We’ve had an inch since the summer of 2021. Normal would be about 5 inches.


I’d never buy land that has poor draining clay soil. Almost anything is better for fruit trees. A place with well drained clay soil would be good.

In Texas the best peaches are grown on well drained, deep, sandy loam soils. No water table. Peaches root deeply and the soil holds 6-8 inches at field capacity. Rainfall about 30 inches per year. Some drip irrigation in most cases

The best pecans are on river bottom land with deep, well drained, alluvial soil of sandy loam to clay loam and a water table at 5-10ft. For best yields irrigation is still required in spite of a water table within the root zone.



Not all of my land is that bad but there are spots where acres of land would be completely unusable if I didn’t get creative.


I have been reading the progress for years of a guy that bought a farm with heavy clay soil in mississippi. He has been adding truckload after truckload of leaves and its working.

I have a small plot on my farm that nobody in the over 100 years has ever grown anything in because its hard clay. Crab grass and nasty weeds have always thrived there. I have been adding leaves, some compost and started some worms… i have tossed some manures and grass clippings as well for 2-3 years and currently have a thriving corn crop in it.

Seems like every microorganism, worm or whatever is blooming in that soil now and mixing the leaves in the soil. Its transforming. The tillage becomes softer each year and water penetrates and doesnt stand.

My neighbor put his greenhouse on the same soil as mine… hard compacted clay that water stands on. The county agent had him load it with gypsum and he had bumper crops for 2 years… now its dead and worse than when he started.

Try a test area that seems dead… and add life and nourishment above ground and see if it changes. I think rotten hay or any other organic would likely see similar improvements.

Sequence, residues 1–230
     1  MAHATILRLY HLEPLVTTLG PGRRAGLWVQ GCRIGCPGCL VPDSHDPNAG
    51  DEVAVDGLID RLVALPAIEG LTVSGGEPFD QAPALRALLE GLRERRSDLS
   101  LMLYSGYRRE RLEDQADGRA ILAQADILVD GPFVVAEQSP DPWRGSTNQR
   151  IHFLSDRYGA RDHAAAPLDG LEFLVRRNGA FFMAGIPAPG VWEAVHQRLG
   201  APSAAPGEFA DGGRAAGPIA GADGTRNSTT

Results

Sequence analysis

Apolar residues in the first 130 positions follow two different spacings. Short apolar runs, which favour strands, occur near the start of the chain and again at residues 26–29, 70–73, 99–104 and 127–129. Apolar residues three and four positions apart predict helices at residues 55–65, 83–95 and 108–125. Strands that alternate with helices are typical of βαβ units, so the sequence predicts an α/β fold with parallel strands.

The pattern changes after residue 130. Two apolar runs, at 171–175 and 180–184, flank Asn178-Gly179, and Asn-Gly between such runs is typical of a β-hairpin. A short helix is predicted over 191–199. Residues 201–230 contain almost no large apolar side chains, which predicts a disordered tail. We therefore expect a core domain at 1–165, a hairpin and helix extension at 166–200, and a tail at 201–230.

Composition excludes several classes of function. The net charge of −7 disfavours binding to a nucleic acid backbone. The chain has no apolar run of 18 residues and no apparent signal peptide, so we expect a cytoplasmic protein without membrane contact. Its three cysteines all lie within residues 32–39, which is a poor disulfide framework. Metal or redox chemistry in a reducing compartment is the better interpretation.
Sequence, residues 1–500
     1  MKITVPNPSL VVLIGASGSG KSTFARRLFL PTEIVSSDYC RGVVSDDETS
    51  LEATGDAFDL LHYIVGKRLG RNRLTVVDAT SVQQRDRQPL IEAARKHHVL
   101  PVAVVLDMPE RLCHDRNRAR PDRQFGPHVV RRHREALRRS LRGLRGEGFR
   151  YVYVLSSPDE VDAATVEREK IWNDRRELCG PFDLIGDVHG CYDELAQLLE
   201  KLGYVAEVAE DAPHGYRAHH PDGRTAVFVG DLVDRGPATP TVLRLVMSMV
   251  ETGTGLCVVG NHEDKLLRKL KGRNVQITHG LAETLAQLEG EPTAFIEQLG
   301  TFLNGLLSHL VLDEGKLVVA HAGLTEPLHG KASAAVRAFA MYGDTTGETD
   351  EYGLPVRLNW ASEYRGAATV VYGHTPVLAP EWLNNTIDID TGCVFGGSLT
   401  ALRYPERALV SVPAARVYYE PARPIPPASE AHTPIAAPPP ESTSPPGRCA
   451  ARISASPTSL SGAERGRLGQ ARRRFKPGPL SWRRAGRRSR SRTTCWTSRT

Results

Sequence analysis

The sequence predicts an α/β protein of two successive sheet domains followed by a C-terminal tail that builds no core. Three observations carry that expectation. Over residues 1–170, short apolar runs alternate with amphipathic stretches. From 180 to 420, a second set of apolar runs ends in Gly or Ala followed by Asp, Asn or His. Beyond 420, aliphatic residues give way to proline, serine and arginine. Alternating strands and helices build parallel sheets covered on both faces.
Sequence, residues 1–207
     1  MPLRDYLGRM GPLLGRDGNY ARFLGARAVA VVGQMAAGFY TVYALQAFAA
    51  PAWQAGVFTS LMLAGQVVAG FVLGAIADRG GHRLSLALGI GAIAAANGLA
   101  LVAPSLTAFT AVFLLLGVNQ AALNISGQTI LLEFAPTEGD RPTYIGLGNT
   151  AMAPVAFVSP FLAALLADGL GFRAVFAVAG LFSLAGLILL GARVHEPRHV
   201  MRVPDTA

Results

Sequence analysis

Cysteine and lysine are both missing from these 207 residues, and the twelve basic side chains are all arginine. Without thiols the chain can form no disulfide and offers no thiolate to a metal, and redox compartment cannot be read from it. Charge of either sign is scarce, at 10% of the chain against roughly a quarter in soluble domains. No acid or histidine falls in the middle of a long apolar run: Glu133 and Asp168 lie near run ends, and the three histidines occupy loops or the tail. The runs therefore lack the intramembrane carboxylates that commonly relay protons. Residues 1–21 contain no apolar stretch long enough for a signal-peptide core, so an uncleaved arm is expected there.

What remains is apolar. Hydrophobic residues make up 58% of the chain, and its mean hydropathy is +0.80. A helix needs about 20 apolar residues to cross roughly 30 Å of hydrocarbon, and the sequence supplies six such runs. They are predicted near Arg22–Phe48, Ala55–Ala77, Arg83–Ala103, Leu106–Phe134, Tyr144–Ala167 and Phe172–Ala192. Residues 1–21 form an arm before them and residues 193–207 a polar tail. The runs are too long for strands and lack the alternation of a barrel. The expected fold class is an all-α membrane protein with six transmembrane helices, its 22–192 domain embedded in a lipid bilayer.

That’s very good advice and I agree with you. Amendments can be really good when needed which I think many of us do when we build hills to grow things on. Those materials are not available to everyone unfortunately. Clay soil is tricky we don’t start out with anything because we can’t grow anything. Like you I was lucky and materials like cow manure, leaves, and wood chips were available.

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I don’t doubt what you’re saying. In fact it rings very true. But those two sentences don’t go together. Grass and weeds need the same things to grow as corn.

And good luck finding enough leaves for a thousand acres of corn.


I had no doubt when posting of my personal experience with clay that it would be impossible… Thats why the guy quit posting his results on social media. Stephan Sobkowiak had the same problem but his orchard is in sand which has its own challenges.

Both sand and clay can grow things with organics and living biomes. Yes its alot of work… and yes i manually haul 100s of bags of leaves… i also go get with my trailer loads of free manure and rotten hay and other unwanted items from farmers. 30 miles away there is a city with a compost dump and its free as well. So many people hate leaves in their yard that it has created an industry with an over abundance of leaves… so the city grinds them into compost.

As for corn growing where weeds and crab grass do… true. I just peel back the leaves with a rake and plant corn seeds instead of tilling it.

Its only a small plot and within my ability to get my exercise and enjoy the land that so far in over 100 years nobody else has.

Im pretty confident that when the first people lived here they probably removed stumps and rocks by the millions to grow food. Im fairly confidient that all of my gardens and orchards were forests at one time.

Perhaps im doing it wrong. But i have clay… i have lots of more land like Clark pictured… i just use a small portion and so far its working for me.

In my case the problem wasnt with clay soil… the problem was that the soil was no longer a forest floor and leaves and twigs and whatnots were no longer falling on it decomposing. Someone exposed it by removing the forest.